Around the turn of the year, miracles sometimes happen. Not only in movies, but also in real life. Yana and her family experienced one. She wrote it down for tuenewsINTERNATIONAL:
“I was exhausted that day. Honestly, just like any other day since I moved to Germany. Or after the ‘escape’. I just don’t like that word. Classes at the university in the morning, German classes in the afternoon, then, English classes in the evening, and my office job very late in the evening. That day it was snowing. 10 minutes before my English class ended, my mom sent me a text message, ‘I left my bag with all my papers on the bus.’ My class was over at that moment. After a short phone conversation, it was clear that my mother was standing at the bus stop of Tübingen’s main train station asking the drivers of all buses of line 18 if they had found the bag. She had forgotten her bag in one of the buses of the line to Hagelloch. She had been waiting for three hours. In the bag were the most important documents: a Ukrainian passport, an insurance card, a bank card. In her wallet she had only 10 euros cash. In addition, my mother speaks neither German nor English. With the small stock of words she learned here and the Google translator, she asked the drivers for help, but in vain. 10 minutes after our conversation, I was standing next to my mother at the bus stop at the main station. I realized that there was no point in waiting here any longer. It was already 9 p.m. After explaining to my mother that we would have to call the lost and found, the police and the bus company the next morning, we decided to take the next bus home.
Probably, there is no need to explain how difficult it is for refugees when they lose their passports abroad. We heard from Ukrainian acquaintances about six-month waiting periods and queues in front of Ukrainian embassies. Some Ukrainians even had to return home to get a passport despite shelling and daily rocket attacks. But it’s difficult to get a passport in Ukraine right now—because the Russian army is attacking civilian infrastructure, administrations often don’t have electricity either.
To say that we were dejected would be an understatement. As I lowered my head and looked at the glare of the headlights on the wet asphalt, I heard an excited ‘Oh my God, that’s Olga!’ from my mother. ‘That’s my rescue!’. Lifting my head, I saw the bus of line 18 that had just arrived, with a good-looking woman with blond hair and red lips sitting at the wheel. I have heard of Olga before. I remember the story from two months ago, when my aunt and my mother were chasing a bus that had already started at the stop. Finally, it stopped and opened the door one more time. As they were getting on, they heard in their native Ukrainian language, ‘Are you asleep, girls?’ At the wheel of the bus was Olga, Ukrainian like them. Olga had miraculously understood, without hearing a word from my mother or aunt, that they too were Ukrainian. To meet a bus driver from Ukraine in a German city hundreds of kilometers away from her homeland is a small miracle. Unfortunately, in the rush, everyone then forgot to exchange their contacts. But, fortunately, it was not the last meeting.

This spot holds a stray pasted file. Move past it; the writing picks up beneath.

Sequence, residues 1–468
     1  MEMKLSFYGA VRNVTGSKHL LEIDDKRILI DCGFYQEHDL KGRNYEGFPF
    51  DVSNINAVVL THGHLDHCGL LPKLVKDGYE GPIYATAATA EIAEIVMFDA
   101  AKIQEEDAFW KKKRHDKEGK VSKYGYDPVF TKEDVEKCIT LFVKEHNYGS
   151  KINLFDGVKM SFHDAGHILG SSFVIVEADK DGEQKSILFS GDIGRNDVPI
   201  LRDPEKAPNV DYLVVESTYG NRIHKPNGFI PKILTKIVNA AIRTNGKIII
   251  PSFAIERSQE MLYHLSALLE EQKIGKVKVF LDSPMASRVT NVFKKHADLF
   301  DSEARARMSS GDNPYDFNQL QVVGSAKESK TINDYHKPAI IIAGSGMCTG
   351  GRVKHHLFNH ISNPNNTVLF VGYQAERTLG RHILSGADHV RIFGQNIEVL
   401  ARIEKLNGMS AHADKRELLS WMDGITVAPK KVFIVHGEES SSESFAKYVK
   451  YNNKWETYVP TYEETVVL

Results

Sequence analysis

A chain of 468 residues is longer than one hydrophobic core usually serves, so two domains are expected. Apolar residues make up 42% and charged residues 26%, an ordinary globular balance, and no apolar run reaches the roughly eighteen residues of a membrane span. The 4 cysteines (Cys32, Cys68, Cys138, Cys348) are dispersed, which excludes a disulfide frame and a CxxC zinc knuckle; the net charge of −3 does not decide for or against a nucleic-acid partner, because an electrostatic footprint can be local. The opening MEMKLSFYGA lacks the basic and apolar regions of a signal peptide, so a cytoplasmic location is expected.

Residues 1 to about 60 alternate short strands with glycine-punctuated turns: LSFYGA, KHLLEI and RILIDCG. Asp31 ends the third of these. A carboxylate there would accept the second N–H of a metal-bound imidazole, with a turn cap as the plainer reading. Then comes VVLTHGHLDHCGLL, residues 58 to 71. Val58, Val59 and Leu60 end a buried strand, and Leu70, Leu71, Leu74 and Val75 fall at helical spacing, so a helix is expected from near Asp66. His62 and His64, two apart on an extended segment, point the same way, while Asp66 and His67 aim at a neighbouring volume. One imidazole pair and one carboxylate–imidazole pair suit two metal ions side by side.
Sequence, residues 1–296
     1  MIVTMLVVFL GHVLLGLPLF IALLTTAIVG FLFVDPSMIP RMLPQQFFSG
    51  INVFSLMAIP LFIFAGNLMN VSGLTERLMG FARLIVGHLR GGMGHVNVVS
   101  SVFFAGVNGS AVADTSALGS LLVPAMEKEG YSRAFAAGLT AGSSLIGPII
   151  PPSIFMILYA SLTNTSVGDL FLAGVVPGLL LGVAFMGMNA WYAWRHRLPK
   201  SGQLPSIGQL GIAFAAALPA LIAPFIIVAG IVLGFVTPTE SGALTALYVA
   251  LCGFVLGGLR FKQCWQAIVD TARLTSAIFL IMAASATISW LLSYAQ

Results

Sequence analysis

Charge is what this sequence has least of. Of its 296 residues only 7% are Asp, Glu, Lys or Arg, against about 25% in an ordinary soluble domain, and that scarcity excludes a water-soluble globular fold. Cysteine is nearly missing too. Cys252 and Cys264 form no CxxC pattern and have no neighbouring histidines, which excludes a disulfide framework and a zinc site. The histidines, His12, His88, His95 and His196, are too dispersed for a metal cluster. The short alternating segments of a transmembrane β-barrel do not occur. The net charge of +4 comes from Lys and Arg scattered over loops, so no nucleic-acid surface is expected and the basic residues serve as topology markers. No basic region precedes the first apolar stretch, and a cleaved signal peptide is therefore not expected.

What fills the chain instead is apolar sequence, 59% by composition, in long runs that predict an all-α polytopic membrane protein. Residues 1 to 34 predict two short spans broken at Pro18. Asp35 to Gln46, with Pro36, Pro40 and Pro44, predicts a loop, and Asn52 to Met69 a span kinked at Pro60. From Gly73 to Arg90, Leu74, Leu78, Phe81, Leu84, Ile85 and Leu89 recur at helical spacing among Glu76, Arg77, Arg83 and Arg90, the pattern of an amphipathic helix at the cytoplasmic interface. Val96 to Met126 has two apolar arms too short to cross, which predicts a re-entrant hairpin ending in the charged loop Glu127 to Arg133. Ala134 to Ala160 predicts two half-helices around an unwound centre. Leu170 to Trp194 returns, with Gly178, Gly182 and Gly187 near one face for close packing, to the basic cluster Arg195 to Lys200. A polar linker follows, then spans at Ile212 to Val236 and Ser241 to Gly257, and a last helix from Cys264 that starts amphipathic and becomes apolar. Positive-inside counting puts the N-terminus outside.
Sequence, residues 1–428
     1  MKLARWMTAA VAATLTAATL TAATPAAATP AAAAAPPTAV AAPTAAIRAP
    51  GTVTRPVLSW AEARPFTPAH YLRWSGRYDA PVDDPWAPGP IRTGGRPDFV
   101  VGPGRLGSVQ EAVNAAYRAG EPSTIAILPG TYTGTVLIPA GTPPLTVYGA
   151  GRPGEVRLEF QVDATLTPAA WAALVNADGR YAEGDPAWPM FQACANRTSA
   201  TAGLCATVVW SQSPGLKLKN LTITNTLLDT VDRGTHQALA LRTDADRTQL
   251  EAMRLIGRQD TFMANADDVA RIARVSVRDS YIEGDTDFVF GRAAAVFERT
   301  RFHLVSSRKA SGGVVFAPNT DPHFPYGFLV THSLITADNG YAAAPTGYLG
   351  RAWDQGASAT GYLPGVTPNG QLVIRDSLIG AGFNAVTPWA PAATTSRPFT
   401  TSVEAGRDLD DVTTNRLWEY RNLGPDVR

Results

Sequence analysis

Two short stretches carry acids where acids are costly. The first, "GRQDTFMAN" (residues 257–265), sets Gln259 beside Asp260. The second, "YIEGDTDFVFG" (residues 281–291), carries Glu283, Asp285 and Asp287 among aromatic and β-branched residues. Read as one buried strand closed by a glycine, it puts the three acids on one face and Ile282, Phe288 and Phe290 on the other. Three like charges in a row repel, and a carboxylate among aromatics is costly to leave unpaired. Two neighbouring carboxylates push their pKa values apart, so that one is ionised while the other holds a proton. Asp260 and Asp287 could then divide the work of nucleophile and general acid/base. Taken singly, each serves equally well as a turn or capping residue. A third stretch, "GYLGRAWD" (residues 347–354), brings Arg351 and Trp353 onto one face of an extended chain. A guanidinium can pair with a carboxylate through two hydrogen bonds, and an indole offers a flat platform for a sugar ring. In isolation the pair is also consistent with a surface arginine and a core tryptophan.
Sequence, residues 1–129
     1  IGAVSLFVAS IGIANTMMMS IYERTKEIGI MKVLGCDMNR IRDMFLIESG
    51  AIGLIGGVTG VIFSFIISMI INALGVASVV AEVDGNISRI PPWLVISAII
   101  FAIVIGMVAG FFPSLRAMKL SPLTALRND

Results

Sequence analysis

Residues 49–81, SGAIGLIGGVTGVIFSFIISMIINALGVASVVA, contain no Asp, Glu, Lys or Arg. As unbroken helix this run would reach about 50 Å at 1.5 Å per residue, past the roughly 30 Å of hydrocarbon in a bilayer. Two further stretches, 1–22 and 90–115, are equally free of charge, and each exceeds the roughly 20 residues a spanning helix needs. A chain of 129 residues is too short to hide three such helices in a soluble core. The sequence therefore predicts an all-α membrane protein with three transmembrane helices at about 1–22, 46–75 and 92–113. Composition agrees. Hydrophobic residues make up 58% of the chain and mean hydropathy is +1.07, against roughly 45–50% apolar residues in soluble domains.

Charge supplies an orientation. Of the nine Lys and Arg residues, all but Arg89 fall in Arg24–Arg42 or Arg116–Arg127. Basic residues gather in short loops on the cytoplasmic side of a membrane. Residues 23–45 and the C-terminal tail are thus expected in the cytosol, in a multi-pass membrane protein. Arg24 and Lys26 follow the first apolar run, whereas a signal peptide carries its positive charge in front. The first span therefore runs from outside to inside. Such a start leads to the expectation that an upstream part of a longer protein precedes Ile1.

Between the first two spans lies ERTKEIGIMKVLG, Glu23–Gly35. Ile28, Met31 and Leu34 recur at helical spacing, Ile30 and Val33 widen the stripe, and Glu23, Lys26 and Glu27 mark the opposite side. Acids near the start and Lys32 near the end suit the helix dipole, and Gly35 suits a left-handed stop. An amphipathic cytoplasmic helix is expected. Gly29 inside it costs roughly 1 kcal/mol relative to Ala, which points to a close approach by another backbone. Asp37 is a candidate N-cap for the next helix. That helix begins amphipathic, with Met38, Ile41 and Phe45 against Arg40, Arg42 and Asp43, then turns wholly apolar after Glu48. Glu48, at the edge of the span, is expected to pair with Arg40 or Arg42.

So, after hearing my mother’s words, I immediately knew who it was. We hurriedly got on the bus and rushed towards Olga. Olga immediately understood us and started calling her fellow bus drivers. Literally within five minutes, Mom’s bag was found thanks to this wonderful woman. Olga asked us to wait a quarter of an hour for the next bus on route 18 after getting off in Hagelloch. On this bus Olga’s colleague would bring us the lost bag. And so it came to pass. According to the timetable, it was the last trip on this route. Relief, joy and gratitude were overwhelming.
Olga told us that she had wanted to be a driver since childhood and loved her work. She was born in the Ukrainian city of Sambir in the Lviv region. She has lived in Germany for 21 years. Olga lives in Tübingen and is raising four children. For the past 10 years, she has worked here as a driver for the Rottenburg-based company Omnibus Groß. According to Olga, there are only four women among the approximately 250 public transport drivers in Tübingen. One of them is her.”
Busfahrerin Olga. Foto: tünews INTERNATIONAL / Yana Rudenko.